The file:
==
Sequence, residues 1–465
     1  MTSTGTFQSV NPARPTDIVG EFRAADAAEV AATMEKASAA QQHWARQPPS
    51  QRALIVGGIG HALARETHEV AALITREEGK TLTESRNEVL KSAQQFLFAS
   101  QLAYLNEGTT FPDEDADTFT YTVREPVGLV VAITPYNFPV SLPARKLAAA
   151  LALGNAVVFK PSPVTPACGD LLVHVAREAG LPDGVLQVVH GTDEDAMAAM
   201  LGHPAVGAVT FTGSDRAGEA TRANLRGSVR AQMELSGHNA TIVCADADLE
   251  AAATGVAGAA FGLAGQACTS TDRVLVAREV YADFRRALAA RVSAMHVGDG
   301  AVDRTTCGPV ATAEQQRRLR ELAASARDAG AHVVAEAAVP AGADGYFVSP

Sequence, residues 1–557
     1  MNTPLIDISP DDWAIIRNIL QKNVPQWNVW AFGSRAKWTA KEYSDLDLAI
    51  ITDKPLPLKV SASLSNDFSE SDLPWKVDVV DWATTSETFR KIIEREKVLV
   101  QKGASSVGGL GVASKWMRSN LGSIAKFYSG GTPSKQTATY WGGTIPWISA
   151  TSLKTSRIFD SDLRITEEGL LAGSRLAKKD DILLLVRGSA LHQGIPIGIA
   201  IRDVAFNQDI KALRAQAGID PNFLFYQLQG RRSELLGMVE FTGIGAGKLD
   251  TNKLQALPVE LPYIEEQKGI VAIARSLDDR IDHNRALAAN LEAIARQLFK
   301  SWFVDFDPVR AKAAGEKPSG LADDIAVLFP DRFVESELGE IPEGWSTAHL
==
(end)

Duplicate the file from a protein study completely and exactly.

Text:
Sequence, residues 1–465
     1  MTSTGTFQSV NPARPTDIVG EFRAADAAEV AATMEKASAA QQHWARQPPS
    51  QRALIVGGIG HALARETHEV AALITREEGK TLTESRNEVL KSAQQFLFAS
   101  QLAYLNEGTT FPDEDADTFT YTVREPVGLV VAITPYNFPV SLPARKLAAA
   151  LALGNAVVFK PSPVTPACGD LLVHVAREAG LPDGVLQVVH GTDEDAMAAM
   201  LGHPAVGAVT FTGSDRAGEA TRANLRGSVR AQMELSGHNA TIVCADADLE
   251  AAATGVAGAA FGLAGQACTS TDRVLVAREV YADFRRALAA RVSAMHVGDG
   301  AVDRTTCGPV ATAEQQRRLR ELAASARDAG AHVVAEAAVP AGADGYFVSP

Sequence, residues 1–557
     1  MNTPLIDISP DDWAIIRNIL QKNVPQWNVW AFGSRAKWTA KEYSDLDLAI
    51  ITDKPLPLKV SASLSNDFSE SDLPWKVDVV DWATTSETFR KIIEREKVLV
   101  QKGASSVGGL GVASKWMRSN LGSIAKFYSG GTPSKQTATY WGGTIPWISA
   151  TSLKTSRIFD SDLRITEEGL LAGSRLAKKD DILLLVRGSA LHQGIPIGIA
   201  IRDVAFNQDI KALRAQAGID PNFLFYQLQG RRSELLGMVE FTGIGAGKLD
   251  TNKLQALPVE LPYIEEQKGI VAIARSLDDR IDHNRALAAN LEAIARQLFK
   301  SWFVDFDPVR AKAAGEKPSG LADDIAVLFP DRFVESELGE IPEGWSTAHL